After he learned he was on the waiting list, Mr. Zak promptly overhauled his Twitter account, deleting any “moderately risqué Tweets or curses,” he told me last week. Then he started an online campaign publicly touting his virtues, often self-deprecatory, with the hashtag #AcceptBernieUCLA.
“I wanted to get the university’s attention,” Mr. Zak told me. “I was just another name, just another number. I wanted to be unique.”
Did Mr. Zak’s Twitter campaign succeed?
Last week, I emailed U.C.L.A. asking for general information about whether admissions officers there vetted applicants’ use of social media.
In an email, Gary A. Clark Jr., the school’s director of undergraduate admission, replied: “We neither seek nor utilize information related to an applicant’s social media use (Google, Facebook, Twitter, etc.) in the process of evaluating applications for admission to U.C.L.A.”
That said, Mr. Zak is now partway through his first semester at U.C.L.A. He is a majoring in economics and political science.

Most people pay little attention to their online reputation.

Moi wrote in Scrubbing your online reputation: Yes, words can hurt: Back in the day, folks had to worry about their reputation in their local community. With the advent of social media, the community is now global and folks have to worry about their global reputation.
Because a person’s reputation is key to future opportunities of all types, a new business of helping people rid themselves of unwanted online information is developing. Lini S. Kadaba of the Philadelphia Inquirer wrote in the article, Online Reputation Can Make or Break Opportunities offers advice in the article Social Networking Sites and College Admissions: How to Stand Out from the Competition in a Good Way:

Think before you tweet or post. Mark Zuckerberg himself learned that what you post online lives on forever and probably wishes he thought a little more about some of the information he uploaded. The negative can come back to bite you, as can something you thought was funny at the time (if you saw “The Social Network,” you know it’s not advisable to drink and blog); other people are going to see what you publish so if you have even an inkling that what you’re about to post will make you look bad, don’t share it.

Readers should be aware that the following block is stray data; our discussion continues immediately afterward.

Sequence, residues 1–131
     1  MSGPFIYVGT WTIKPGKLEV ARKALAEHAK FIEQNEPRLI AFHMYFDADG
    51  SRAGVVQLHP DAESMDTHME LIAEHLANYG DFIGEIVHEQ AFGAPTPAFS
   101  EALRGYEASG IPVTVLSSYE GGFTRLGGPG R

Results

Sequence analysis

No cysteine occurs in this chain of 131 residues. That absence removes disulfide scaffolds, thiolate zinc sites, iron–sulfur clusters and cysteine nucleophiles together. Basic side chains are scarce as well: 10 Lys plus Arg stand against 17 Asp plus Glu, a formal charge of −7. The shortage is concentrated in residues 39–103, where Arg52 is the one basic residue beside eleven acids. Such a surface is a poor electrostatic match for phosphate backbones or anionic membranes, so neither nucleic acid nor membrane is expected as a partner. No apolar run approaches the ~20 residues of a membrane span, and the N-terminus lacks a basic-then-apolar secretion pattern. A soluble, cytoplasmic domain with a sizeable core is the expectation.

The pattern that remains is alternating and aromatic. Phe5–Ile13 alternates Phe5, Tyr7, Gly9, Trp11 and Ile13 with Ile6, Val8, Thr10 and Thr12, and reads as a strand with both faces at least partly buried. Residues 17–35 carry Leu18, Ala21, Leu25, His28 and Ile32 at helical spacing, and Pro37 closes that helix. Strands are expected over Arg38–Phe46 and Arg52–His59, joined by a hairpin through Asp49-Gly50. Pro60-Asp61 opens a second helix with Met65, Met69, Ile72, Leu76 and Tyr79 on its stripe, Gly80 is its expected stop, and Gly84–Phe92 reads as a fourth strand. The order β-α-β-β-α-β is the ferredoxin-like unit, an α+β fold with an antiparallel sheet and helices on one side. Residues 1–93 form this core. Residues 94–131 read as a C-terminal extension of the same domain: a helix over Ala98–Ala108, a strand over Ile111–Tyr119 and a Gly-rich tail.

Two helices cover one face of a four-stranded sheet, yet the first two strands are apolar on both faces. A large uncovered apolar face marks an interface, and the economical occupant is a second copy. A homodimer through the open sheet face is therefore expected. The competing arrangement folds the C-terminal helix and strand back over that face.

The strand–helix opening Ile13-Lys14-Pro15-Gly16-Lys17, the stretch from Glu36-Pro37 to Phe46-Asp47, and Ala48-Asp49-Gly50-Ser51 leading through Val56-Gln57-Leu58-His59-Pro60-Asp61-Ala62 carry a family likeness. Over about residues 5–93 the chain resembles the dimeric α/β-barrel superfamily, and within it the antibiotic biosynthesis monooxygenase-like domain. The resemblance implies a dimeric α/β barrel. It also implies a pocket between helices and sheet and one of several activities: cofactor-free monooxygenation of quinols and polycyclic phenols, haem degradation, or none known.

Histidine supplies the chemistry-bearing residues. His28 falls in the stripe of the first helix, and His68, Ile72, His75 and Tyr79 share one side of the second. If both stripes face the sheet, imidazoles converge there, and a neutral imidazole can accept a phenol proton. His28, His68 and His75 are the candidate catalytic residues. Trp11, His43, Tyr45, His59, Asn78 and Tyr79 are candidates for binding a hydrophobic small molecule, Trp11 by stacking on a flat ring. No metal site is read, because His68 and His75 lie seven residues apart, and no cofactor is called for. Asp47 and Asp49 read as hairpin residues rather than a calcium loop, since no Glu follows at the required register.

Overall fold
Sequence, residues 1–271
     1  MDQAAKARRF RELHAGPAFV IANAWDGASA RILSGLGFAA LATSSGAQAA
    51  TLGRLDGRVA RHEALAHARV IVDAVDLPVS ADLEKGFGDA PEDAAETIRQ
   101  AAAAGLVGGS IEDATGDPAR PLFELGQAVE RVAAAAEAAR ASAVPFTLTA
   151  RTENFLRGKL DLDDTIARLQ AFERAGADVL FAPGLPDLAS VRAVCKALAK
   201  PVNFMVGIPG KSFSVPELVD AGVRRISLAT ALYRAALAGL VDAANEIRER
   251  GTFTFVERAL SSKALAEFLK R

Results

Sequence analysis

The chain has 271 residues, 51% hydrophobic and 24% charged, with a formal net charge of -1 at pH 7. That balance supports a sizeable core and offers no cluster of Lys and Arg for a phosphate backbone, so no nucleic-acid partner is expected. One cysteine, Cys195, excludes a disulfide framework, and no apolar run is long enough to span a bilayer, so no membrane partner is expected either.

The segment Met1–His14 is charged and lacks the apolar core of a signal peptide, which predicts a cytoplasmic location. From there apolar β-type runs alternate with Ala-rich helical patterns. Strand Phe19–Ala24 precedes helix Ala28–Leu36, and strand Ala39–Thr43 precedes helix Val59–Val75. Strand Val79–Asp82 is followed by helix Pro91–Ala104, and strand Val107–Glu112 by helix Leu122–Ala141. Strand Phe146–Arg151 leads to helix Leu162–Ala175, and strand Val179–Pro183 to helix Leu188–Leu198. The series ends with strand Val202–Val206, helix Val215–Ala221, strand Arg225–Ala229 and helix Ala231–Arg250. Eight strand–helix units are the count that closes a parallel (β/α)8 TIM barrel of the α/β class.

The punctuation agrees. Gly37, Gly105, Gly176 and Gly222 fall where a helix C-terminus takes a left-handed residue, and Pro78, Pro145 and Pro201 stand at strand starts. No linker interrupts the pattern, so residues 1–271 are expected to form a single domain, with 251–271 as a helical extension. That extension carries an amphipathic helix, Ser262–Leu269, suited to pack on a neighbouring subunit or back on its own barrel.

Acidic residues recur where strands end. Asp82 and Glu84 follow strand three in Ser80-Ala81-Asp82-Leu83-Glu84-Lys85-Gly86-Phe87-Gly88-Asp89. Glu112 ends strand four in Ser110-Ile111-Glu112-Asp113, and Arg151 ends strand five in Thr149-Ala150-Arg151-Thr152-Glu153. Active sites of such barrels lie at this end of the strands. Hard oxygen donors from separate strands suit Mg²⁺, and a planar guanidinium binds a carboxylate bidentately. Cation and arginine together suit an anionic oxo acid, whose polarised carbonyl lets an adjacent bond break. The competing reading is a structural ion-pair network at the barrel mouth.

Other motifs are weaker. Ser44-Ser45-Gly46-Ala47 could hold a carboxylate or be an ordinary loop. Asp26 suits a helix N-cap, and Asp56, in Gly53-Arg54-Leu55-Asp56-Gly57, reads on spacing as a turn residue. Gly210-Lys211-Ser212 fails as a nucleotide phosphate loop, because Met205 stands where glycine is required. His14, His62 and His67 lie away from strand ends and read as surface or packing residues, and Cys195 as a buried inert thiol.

Adjust your privacy settings. Tweaking what others can see is easy with customizable privacy settings, which are available on both sites. On Twitter, you can choose to protect your tweets (meaning anyone who wants to access your 140-character musings will need your approval first) while Facebook allows its users to adjust their settings on a friend-by-friend basis. It’s a feature many students overlook in the short run but its long-term value is immeasurable.
Be more than a blip on the radar. Want your intended school to know you’re serious about wanting to attend? Show them not just by “liking” them on Facebook and following their Twitter feeds but by commenting on their posts with insight of your own. Tagging or @replying the school will ensure your response will be seen but if you prefer to just observe, incorporate the topics that appear with the highest frequency or elicit the most feedback into your application essays or interviews. This extra step won’t go unnoticed and could give you an advantage over another applicant.

To quote Clint Eastwood in “Heartbreak Ridge,” “Shut your face, hippy.”

“How would your life be different if…You walked away from gossip and verbal defamation? Let today be the day…You speak only the good you know of other people and encourage others to do the same.”
Steve Maraboli, Life, the Truth, and Being Free

“Gossip is just a tool to distract people who have nothing better to do from feeling jealous of those few of us still remaining with noble hearts.”
Anna Godbersen, Splendor

“Rumor travels faster, but it don’t stay put as long as truth. ”
Will Rogers

“Allow enemies their space to hate; they will destroy themselves in the process.”
Lisa Du

Where information leads to Hope. © Dr.